In summarizing the results of their research, the group pointed out that "land rents were twice as important as declining interest rates to the increase in cropland prices between 2003-2006 and 2015-2016."

However, they point out that, "Higher interest rates clearly generate headwinds for cropland values and increase risk for cropland buyers, owners, and lenders."

The last point of the article was to look at the entire cropland price picture when trying to predict land price movements. "It is important to watch interest rates but also important to watch rent and other factors that impact cropland prices, and in particular are the three sets of factors reinforcing each other or offsetting each other."

Source: Zulauf, C., G. Schnitkey, J. Coppess, and N. Paulson. "Interest Rate and Current U.S. Cropland Prices." farmdoc daily (8):64, Department of Agricultural and Consumer Economics, University of Illinois at Urbana-Champaign, April 11, 2018.]]>
What is Soil Health? https://web.extension.illinois.edu/dmp/eb263/entry_13308/ Thu, 12 Apr 2018 12:10:00 +0000 https://web.extension.illinois.edu/dmp/eb263/entry_13308/ In agriculture, we heart a the term "soil health", which has been used for about five years, now. Yet what does it mean. the USDA Natural Resource Conservation Service (NRCS) defines soil health as "the continued capacity of soil to function as a vital living ecosystem that sustains plants, animals and humans." this is a great definition, but it really does not tell me much about how a farmer or landowner can put in place practices that will encourage or sustain soil health on their land.

In a recent article by Christina Curell of Michigan State University, she points out that the key concept behind soil health is the protecting and nurturing of soil biota. Further, according to the NRCS, there are four key principles to maintaining and enhancing the organisms within our soils.

The four principles are:

  1. Keep the soil covered as much as possible;
  2. Disturb (till) the soil as little as possible;
  3. Keep growing plants on the soil as long as possible to feed the soil organisms; and
  4. A diversified crop rotation the includes cover crops.

These are new ideas about soil management for many in agriculture, but new soil science research continues to shed light on the importance of these four principles to ensuring healthy soil, which leads to increased soil nutrient cycling, improved water infiltration and improved soil structure.

 

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Habits of the Most Profitable Central Illinois Farmers https://web.extension.illinois.edu/dmp/eb263/entry_13135/ Fri, 19 Jan 2018 10:11:00 +0000 https://web.extension.illinois.edu/dmp/eb263/entry_13135/ At the recent Illinois Farm Economic Summit (IFES) meetings, Drs. Nick Paulson and Dale Lattz of the farmdoc team shared the results of two studies that highlighted the differences in profitability between the top third and bottom third of farms in Illinois and the typical management practices of the top earners.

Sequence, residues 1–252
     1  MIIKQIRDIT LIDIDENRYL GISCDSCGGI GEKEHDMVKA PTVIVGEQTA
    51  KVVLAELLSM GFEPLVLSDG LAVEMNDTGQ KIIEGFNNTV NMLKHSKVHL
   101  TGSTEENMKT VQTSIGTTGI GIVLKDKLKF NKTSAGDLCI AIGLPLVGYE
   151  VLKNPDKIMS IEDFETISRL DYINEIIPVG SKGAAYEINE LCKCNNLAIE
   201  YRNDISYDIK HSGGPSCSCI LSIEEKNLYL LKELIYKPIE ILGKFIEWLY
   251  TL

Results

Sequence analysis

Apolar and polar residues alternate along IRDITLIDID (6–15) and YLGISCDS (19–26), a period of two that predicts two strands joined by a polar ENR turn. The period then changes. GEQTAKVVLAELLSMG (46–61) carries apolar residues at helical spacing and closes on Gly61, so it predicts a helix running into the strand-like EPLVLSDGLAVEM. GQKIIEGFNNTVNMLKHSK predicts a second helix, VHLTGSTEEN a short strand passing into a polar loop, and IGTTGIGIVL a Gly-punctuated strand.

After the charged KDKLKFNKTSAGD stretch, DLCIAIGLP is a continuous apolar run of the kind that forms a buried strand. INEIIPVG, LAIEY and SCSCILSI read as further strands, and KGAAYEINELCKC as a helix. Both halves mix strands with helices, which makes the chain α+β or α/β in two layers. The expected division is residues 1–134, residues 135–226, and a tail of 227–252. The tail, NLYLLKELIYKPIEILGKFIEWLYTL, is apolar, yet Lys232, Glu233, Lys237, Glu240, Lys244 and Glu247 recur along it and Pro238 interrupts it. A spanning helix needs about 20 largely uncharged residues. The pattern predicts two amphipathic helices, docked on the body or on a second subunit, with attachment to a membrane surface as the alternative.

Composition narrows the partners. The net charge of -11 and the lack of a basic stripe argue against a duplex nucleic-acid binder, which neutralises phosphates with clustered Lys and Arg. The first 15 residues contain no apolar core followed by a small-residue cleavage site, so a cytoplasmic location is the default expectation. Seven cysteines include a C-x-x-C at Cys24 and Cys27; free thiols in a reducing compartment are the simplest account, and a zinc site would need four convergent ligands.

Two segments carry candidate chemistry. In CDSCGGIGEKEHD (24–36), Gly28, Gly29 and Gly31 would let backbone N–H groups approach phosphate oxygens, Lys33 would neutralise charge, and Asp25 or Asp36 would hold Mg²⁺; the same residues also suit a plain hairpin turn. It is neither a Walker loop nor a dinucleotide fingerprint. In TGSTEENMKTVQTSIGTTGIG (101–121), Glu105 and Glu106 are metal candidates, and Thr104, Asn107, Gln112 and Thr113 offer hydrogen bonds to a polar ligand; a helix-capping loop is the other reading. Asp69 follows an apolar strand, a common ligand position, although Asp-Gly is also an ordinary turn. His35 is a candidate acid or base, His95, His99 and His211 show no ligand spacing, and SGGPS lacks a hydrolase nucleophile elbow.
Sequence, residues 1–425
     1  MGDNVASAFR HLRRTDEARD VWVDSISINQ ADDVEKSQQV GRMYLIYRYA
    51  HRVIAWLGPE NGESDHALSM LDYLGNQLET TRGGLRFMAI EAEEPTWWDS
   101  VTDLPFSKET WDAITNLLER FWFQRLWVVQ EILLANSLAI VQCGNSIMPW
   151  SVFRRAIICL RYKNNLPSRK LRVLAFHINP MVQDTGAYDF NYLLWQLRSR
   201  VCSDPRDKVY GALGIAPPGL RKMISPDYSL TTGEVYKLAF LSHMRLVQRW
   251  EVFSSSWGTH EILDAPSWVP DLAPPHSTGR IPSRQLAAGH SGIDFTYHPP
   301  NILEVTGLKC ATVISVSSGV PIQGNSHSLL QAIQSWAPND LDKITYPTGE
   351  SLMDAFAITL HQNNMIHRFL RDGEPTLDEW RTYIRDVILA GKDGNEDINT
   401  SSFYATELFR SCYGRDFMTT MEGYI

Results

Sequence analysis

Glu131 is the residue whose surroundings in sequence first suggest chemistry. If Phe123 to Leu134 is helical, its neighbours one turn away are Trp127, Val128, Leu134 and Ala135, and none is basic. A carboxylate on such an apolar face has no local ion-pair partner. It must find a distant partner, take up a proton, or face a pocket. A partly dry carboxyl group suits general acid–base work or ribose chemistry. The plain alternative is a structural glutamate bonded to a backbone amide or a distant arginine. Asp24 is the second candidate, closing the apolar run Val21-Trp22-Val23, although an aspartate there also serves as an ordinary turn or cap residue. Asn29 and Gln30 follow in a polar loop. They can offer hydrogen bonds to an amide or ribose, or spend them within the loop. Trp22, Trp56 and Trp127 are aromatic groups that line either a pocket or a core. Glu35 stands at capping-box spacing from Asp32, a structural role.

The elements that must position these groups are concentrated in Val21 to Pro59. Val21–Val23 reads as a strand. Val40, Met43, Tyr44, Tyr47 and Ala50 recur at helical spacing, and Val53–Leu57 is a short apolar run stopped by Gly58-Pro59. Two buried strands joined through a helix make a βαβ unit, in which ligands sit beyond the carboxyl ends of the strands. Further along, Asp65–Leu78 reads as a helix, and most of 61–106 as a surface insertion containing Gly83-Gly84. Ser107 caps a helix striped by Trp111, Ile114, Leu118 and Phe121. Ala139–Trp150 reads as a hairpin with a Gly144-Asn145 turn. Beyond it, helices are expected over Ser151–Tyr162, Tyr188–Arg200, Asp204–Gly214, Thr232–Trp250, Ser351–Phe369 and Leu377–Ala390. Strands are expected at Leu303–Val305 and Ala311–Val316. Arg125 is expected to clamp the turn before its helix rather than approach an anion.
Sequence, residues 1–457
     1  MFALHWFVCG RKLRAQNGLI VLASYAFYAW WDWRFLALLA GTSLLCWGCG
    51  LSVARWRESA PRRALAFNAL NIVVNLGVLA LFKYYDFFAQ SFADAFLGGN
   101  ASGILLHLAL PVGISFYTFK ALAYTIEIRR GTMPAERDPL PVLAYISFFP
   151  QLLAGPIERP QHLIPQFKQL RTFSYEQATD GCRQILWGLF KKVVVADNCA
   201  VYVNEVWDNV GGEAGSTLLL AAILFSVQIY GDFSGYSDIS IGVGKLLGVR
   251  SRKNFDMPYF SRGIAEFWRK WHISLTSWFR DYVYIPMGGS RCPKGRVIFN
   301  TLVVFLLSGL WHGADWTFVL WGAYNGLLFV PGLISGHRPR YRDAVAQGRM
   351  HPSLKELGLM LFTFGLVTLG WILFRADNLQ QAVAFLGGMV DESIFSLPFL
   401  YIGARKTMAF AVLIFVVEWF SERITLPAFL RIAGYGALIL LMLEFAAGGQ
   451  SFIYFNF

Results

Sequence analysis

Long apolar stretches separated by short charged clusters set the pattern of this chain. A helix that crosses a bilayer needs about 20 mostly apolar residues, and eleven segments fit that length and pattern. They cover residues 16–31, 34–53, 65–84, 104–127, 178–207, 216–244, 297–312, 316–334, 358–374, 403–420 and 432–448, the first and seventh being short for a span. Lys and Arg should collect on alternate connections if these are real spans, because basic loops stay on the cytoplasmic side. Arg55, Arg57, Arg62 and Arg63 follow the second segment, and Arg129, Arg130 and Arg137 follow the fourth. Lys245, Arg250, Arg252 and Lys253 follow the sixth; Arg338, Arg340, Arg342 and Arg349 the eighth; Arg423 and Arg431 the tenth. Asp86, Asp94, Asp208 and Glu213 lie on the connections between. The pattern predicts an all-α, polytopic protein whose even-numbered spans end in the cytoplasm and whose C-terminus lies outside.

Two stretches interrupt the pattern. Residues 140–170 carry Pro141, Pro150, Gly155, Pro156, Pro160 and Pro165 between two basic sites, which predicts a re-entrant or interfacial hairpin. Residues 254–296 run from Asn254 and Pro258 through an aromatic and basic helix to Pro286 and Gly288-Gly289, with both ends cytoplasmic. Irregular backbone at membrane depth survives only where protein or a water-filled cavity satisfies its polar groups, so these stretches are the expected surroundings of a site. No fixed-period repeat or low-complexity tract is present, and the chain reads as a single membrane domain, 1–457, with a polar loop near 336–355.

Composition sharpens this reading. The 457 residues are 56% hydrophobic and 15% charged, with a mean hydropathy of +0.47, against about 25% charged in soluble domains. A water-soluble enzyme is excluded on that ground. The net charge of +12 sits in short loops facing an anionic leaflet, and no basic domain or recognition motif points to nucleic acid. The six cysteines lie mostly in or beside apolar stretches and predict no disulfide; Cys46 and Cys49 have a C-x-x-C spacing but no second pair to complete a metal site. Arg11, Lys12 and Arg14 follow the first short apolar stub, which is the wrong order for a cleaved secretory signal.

Nick Paulson's graph shows in 2015 that farmers in the top third of farm revenues generated had over $60 per acre of increased income than the bottom third. This may not sound like a lot of money, but if you multiply 1500 acres by the $60 additional that nets a $90,000 increase in income.

In looking at grain farms in east and central Illinois, their work showed an $85 per acre difference in revenue between the top third and middle third of farm generated revenues when averaged over the years 2014 to 2016. If you use the same 1500 acre farm and multiply each acre by $85, you see that is over $127,000 in increased farm revenue.

These big differences in revenues generated per acre were the reason for the second study, which tried to determine if there were any common factors among the top revenue generating farms. Dale Lattz shared the results of a study, where a group of soybean farmers in east and central Illinois in the top third of farm revenues were interviewed on their practices. The results showed a number of commonalities within this group of more profitable soybean farmers. These are:

  • Attention to details in all aspects of the farm's operations - field operations, crop management, marketing and risk management;
  • Had appropriately sized and well maintained equipment;
  • Strived for the most profitable yields per acre not the highest yields per acre;
  • Seeked out information from a variety of sources; and
  • The importance of input cost control.

These two presentations can be viewed at farmdoc 2017 IFES presentations: Dr. Paulson's and Dr. Lattz's.

 

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Harvest Crop Conditions - September 28, 2018 https://web.extension.illinois.edu/dmp/eb263/entry_12889/ Thu, 28 Sep 2017 16:33:00 +0000 https://web.extension.illinois.edu/dmp/eb263/entry_12889/ Here in central Illinois, we have had over ten days of open, dry harvest weather. This has been great for farmers wanting to get their crops harvested. However, this is leading to overly dry crops, especially soybeans harvested at moistures less than 10 percent moisture. It is an unfortunate situation leading to yield reduction due to moisture shrink.

Another issue popping up is "weak" stalks in areas where corn plants were stressed this summer. Remember if more than one in 10 corn stalks breaks over when pushed toward the next corn row (push test), then that corn field should be at the top of your field harvest list due to standability issues.

I am seeing a lot of late-season pod feeding in soybeans, right now. Bean leaf beetles, grasshoppers and stinkbugs, are really attacking the green areas in later maturing soybean fields. Speaking of stinkbugs, I am noticing increasing numbers of brown marmorated stinkbugs (BMSB) in soybean fields this season. This is another invasive species with no known natural enemies which has become a soybean pest problems in other parts of the country.

My recent "Outstanding in the Field" podcast talks about current crop conditions, combine safety, and continuing dry conditions.]]>